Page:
- 13 May 2019
- 3 min read
NHS experts sent into care homes to tackle over-medication
The NHS has recruited experts to work in care homes to prevent patients from over-using medication.
According to the NHS, ‘an army of NHS experts’ have been sent into care homes to prevent residents from being given too many medicines, as part of the NHS Long Term Plan to improve elderly health care.
Care home residents are given an average of 7 medicines a day, with many taking 10 or more, which costs the NHS around £250 million each year, the NHS says.
Charities proclaim fears of the elderly being subjected to a ‘chemical cosh’.
The NHS has recruited medical and clinical experts, including 200 pharmacists and pharmacy technicians, who will work to prevent over-prescribing and improve the quality of life of the care home residents, whilst also reducing NHS costs.
This is part of a £20 million programme to ‘reduce unnecessary medication of patients’ and ensuring that the right treatment is being provided nationally.
“Older people deserve the best possible support and with many care home residents living with complex conditions, bringing in extra expert health advice will mean the NHS can reduce avoidable drug use, improve care and free up vital funding for better treatment.” - Professor Alistair Burns, National Clinical Director for Dementia and Older People’s Mental Health at NHS England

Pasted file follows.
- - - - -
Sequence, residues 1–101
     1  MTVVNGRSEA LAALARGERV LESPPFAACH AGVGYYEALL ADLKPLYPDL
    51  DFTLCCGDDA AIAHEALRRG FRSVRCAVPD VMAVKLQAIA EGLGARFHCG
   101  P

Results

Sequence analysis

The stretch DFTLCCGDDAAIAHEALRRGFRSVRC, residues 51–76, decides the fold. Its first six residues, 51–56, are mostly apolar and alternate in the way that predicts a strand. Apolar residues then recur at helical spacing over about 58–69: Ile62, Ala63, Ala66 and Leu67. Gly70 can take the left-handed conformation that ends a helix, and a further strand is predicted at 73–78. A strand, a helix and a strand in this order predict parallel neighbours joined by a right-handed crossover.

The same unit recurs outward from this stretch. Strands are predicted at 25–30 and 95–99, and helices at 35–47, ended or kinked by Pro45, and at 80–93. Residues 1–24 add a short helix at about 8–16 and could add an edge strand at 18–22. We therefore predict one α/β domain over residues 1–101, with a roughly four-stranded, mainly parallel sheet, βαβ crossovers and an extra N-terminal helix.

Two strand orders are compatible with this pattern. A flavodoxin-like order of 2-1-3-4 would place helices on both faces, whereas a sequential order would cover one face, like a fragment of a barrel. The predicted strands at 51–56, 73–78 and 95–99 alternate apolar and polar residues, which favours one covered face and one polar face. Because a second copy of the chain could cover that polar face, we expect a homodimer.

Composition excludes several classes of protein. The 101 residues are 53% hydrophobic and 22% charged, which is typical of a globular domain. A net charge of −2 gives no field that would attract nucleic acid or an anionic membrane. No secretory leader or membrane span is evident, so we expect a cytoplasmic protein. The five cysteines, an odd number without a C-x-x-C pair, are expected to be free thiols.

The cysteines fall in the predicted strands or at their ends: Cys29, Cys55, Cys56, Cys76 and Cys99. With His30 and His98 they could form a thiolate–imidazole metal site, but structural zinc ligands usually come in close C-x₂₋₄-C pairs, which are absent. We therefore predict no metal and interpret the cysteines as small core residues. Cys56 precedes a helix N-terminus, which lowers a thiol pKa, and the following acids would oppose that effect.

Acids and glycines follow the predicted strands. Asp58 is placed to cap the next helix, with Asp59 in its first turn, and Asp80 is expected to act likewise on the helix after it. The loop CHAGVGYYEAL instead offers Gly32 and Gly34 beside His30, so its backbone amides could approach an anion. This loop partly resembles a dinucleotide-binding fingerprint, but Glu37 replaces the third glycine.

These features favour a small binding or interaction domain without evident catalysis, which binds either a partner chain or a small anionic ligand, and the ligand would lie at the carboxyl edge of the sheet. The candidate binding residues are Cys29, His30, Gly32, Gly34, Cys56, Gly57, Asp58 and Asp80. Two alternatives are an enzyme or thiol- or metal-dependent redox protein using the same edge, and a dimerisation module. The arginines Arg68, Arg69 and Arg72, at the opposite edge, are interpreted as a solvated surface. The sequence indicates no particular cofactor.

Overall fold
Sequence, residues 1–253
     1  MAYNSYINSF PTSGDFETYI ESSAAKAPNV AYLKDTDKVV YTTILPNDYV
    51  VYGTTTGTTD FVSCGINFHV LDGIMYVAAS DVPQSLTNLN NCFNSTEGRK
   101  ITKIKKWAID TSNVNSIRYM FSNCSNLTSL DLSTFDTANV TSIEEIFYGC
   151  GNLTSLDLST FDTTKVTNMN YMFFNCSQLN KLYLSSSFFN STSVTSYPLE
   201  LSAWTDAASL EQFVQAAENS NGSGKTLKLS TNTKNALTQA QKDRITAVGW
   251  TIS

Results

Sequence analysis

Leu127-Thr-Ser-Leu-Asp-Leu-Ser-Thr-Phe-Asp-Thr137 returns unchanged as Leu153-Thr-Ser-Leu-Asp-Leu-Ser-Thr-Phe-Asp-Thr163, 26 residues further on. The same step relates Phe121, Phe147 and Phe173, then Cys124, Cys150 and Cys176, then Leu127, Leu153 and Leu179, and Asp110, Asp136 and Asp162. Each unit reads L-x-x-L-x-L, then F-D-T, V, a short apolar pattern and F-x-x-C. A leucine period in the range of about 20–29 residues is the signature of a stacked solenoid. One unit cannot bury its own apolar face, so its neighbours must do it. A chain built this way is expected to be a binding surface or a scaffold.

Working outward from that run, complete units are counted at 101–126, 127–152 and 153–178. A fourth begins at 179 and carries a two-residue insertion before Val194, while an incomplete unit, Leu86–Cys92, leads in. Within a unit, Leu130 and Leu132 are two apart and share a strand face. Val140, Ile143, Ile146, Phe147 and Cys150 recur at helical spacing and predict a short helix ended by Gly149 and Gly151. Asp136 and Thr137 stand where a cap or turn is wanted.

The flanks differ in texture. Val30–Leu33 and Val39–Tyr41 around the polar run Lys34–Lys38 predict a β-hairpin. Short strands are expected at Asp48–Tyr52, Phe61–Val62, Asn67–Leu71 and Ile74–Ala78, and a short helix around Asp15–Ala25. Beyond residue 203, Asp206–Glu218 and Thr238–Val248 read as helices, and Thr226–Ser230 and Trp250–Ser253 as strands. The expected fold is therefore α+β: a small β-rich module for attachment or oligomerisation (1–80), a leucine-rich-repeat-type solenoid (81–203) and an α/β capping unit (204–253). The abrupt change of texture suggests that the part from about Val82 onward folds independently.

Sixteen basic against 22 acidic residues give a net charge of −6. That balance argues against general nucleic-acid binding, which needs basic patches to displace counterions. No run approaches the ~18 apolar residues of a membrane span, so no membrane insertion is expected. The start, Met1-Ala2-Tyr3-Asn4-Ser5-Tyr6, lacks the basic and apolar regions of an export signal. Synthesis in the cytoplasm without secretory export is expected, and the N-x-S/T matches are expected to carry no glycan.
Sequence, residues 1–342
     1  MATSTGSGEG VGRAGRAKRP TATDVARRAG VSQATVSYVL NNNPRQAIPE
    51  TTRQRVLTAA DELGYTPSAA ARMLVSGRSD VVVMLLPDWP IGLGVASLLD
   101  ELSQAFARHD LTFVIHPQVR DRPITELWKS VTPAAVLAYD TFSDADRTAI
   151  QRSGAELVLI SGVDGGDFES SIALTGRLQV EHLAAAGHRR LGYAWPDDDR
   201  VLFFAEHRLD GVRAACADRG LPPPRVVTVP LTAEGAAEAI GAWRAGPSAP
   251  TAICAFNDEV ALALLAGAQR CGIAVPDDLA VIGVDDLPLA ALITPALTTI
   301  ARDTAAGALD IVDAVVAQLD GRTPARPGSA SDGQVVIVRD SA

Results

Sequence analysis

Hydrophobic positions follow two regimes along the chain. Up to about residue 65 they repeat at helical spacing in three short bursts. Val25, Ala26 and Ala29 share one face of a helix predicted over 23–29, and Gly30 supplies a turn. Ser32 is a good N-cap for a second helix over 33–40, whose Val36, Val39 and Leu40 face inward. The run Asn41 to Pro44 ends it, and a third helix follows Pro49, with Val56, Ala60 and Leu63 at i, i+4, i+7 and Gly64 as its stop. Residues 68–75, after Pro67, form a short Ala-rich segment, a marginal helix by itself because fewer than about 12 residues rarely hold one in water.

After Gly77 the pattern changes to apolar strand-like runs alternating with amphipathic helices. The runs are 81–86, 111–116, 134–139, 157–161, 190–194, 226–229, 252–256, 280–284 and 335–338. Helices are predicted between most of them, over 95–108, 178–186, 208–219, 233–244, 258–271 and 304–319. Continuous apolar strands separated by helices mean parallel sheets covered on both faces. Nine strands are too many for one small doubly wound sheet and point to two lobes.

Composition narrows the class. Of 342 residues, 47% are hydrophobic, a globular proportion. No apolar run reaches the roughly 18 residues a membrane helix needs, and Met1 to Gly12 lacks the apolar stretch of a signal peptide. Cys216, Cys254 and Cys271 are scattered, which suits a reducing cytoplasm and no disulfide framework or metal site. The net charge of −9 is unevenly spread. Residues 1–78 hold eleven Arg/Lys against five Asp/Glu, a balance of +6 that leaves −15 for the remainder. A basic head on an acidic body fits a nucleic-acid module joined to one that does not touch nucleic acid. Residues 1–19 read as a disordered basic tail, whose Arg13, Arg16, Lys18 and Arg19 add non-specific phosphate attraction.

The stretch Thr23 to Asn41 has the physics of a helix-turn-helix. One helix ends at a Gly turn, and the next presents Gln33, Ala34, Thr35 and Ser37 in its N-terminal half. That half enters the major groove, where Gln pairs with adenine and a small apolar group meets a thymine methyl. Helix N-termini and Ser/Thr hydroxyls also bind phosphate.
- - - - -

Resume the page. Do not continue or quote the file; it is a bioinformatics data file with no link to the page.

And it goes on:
According to NHS statistics, 400,000 people live in 17,000 nursing and residential care homes in England, with one in seven residents being aged 85 or over.
Elderly residents, in particular, suffer from long-term conditions such as dementia, high blood pressure, diabetes and heart disease.
On average, they spend 2 million days in hospital a year and makeup around a quarter of a million of emergency hospital admissions - it is thought that 35%-40% of these admissions can be avoided by preventing over medication.
The NHS says that this programme will also cut down the number of A&E visits caused by elderly patients’ medication use.
Studies indicate that one in 10 elderly admissions to hospital is linked to their medication intake - this is thought to be avoidable with ‘better care and support’.
England’s Chief Pharmaceutical Officer Keith Ridge said: “Too many patients are prescribed medicines they may no longer need or may need adjusting, which is why the NHS Long Term Plan is funding expert pharmacy teams across the country to give tailored advice to care home residents and extra support to staff to increase the safety and quality of older people’s care.
“Rather than assuming there’s a pill for every ill, increasing the availability of specialist health advice in care homes will mean residents get more personalised treatment, reduced chances of being admitted to hospital and people will have a better quality of life, for longer.”
Failure to fully understand residents’ care needs can mean health issues can go missed, risking frailty and falls among older people, contributing to longer hospital stays and long term health problems, says the NHS.